According to Elder D. Todd Christofferson of the Quorum of the Twelve Apostles of the Church of Jesus Christ of the Latter-day Saints in his keynote address during the 2nd International Forum on Law and Religion, “Religious freedom undergirds and is inseparably connected to all other freedoms we cherish. It is the core right.”

While the Philippines is a largely Roman Catholic country, the Constitution ensures that there will always be spaces for other religious denominations to grow. For Latter-day Saints in the Philippines, their rights allow them to serve others and to follow the examples of Jesus Christ freely. Essentially, religion and religious liberty play key roles in creating a charitable, peaceful and stable society.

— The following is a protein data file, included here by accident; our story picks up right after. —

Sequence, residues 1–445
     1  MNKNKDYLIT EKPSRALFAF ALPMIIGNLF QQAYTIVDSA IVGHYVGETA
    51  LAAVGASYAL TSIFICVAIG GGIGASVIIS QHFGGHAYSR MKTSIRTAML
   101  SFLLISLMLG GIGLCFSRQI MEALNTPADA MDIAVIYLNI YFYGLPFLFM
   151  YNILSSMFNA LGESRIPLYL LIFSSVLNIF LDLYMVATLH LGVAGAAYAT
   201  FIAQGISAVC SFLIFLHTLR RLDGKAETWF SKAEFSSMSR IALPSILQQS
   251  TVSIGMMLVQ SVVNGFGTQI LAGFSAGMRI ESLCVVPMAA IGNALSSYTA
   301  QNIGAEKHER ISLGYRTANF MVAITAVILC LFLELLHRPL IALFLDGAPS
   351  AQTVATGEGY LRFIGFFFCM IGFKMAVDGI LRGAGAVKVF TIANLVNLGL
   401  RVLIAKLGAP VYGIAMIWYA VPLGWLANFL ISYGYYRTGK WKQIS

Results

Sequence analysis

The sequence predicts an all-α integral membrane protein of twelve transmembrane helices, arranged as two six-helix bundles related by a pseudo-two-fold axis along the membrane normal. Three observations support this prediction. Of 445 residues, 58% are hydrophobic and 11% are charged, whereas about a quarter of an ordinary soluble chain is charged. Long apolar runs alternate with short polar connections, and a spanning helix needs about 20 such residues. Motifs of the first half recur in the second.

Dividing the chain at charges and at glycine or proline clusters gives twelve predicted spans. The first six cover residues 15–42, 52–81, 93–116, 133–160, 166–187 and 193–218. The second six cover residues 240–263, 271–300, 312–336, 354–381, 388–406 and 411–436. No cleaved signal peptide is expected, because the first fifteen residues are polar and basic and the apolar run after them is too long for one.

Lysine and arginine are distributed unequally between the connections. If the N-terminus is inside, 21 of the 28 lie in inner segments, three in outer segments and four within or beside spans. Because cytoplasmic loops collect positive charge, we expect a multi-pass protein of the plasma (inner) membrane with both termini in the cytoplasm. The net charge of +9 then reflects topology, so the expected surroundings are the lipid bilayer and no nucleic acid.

Elder Quentin Cook of the Quorum of the Twelve Apostles encourages Latter-day Saints to “work with people of other faiths” to protect and “be an advocate for religious freedom and morality.”

Being informed, listening to all sides, practicing civility, promoting tolerance and building trusted relationships are some strategies that can help individuals protect and preserve religious freedom for themselves and for others.

The Church has continued to create programs and initiatives in partnership with the state as well as other religious institutions in order to strengthen individuals, families and communities, regardless of their faith and belief.

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If veteran journalists are censored for writing and speaking the truth or because they are too critical of government policies or private individuals’ actions, what protection do student journalists have as they  express their opinion on certain issues?